CTP pretest survey

The CTP pretest survey is the first data collection point for CCWORK. The CTP pretest survey assesses the following for COs: demographics; correctional work preparedness; mental health disorders (using established and validated self-screening tools); mental health knowledge; mental health training; emotional regulation; support network; chronic pain; risk factors; and COVID-19 impact. For more details, see table 2 (mental health screening instruments).

Table 2

CTP pretest survey details

Post-test survey

Like the CTP pretest survey, the CPT post-test survey is delivered online using Qualtrics. The CTP post-test survey assesses the following for COs: demographics; personality and stressors; emotional regulation; impacts of contraband in prison; prison and sexuality; organisational affairs, including organisational commitment, culture and the correctional officer code; correctional training; and, a recent addition, COVID-19 related questions. For more details, see table 3. The average survey completion time is estimated at 60 min. However, completion times may range up to several days because participant responses will determine the level of detail explored by the items. For example, participants who indicate multiple symptoms consistent with mental disorders will experience a longer survey than those who indicate not experiencing any symptoms of mental disorders. Accordingly, participants are enabled to complete the surveys at their convenience by saving their answers to submit later.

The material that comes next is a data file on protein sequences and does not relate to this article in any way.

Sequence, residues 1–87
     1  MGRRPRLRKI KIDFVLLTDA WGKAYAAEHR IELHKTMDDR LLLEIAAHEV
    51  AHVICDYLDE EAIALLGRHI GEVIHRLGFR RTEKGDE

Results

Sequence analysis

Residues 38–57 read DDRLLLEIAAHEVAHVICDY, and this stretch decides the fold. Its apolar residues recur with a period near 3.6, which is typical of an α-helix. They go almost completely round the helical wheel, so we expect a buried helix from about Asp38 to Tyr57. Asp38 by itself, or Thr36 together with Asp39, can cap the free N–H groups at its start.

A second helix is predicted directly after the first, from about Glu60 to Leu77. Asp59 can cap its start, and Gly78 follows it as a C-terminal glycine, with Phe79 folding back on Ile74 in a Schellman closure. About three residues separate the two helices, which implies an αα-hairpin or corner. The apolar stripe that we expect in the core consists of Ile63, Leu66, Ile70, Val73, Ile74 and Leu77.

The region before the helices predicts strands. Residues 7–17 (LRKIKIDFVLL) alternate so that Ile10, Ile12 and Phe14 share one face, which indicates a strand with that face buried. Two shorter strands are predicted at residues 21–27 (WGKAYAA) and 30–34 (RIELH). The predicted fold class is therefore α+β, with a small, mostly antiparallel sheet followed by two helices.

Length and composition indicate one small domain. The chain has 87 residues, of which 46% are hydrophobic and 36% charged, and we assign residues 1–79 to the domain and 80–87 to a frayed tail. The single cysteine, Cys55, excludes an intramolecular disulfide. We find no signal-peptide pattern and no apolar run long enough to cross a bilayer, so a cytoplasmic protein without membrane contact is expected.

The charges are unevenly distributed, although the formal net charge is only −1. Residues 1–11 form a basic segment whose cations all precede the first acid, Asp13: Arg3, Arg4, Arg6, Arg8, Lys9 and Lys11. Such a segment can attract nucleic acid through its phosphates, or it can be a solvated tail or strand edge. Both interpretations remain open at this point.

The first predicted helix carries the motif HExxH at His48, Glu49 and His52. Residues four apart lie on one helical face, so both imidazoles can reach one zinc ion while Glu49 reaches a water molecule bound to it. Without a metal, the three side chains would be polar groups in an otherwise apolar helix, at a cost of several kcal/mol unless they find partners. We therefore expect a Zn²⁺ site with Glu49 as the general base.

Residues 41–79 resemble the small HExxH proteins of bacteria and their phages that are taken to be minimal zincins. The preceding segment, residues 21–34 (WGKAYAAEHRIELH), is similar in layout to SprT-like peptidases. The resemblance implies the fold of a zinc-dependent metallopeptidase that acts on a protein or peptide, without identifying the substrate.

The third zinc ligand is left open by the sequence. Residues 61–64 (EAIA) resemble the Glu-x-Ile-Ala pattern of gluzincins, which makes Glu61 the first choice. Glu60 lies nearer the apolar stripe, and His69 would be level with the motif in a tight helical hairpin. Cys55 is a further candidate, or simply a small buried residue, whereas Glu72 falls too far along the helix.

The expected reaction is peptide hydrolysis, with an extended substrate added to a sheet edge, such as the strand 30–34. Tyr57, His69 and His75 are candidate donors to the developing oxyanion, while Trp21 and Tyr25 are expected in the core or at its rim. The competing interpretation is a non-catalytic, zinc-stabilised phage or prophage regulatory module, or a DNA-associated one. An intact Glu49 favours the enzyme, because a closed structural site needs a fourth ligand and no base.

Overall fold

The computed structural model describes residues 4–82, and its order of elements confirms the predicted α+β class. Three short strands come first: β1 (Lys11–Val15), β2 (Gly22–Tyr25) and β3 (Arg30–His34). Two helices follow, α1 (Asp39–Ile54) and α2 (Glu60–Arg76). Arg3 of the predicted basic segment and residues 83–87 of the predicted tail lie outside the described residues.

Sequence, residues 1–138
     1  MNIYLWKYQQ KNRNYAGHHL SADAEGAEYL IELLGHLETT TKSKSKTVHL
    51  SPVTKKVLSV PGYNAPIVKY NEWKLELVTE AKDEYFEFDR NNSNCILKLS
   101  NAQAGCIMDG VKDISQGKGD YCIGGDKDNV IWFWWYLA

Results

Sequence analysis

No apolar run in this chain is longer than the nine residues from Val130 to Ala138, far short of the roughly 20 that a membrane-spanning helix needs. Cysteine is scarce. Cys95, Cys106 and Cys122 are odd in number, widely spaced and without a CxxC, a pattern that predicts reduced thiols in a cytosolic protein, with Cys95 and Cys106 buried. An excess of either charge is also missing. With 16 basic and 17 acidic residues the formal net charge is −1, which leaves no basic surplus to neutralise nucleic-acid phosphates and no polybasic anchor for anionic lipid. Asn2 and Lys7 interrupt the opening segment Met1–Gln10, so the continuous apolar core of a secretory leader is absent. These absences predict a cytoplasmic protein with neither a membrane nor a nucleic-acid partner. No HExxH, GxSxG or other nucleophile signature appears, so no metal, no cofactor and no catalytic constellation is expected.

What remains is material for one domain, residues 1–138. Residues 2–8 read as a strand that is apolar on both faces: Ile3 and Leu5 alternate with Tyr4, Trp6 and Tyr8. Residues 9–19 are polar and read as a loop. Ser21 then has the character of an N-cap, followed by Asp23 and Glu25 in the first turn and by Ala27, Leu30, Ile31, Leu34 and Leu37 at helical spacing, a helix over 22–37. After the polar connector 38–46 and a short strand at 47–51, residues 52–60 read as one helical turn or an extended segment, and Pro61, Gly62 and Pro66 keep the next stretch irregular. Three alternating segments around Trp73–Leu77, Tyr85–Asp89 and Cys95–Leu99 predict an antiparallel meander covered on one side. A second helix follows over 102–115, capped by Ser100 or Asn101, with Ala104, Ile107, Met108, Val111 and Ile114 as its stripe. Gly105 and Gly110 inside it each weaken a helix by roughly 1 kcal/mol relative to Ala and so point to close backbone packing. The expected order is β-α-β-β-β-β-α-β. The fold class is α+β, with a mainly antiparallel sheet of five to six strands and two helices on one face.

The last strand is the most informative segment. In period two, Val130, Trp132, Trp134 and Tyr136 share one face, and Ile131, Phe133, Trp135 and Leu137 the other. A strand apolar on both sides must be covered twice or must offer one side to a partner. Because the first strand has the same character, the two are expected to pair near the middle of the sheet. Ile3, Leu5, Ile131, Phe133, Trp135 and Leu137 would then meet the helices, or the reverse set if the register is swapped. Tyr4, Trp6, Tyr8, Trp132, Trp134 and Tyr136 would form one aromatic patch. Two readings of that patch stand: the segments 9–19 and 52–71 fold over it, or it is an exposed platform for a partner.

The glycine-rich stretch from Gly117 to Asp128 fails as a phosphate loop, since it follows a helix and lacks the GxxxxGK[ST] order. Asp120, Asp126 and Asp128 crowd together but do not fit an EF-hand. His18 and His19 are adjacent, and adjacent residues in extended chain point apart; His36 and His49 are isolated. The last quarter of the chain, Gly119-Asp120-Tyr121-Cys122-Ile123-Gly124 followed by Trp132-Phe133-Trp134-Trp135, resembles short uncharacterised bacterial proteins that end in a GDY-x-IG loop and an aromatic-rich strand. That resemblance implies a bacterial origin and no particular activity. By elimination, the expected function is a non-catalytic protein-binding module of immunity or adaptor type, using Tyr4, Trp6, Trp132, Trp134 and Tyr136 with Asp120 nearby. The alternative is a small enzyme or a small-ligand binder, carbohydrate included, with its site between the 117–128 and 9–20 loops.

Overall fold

Table 3

CTP post-test survey details

The follow-up odd year survey assesses the following for COs: demographics; mental health injuries; workplace concerns; inappropriate behaviours at work; work-related stress; victimisation at work; mental health knowledge; CTP mental health training; contraband in prison; organisational commitment; work relationships; culture at work; CO code; humanising behaviours; burnout; and, also a recent addition, COVID-19 related questions. For more details, see table 4.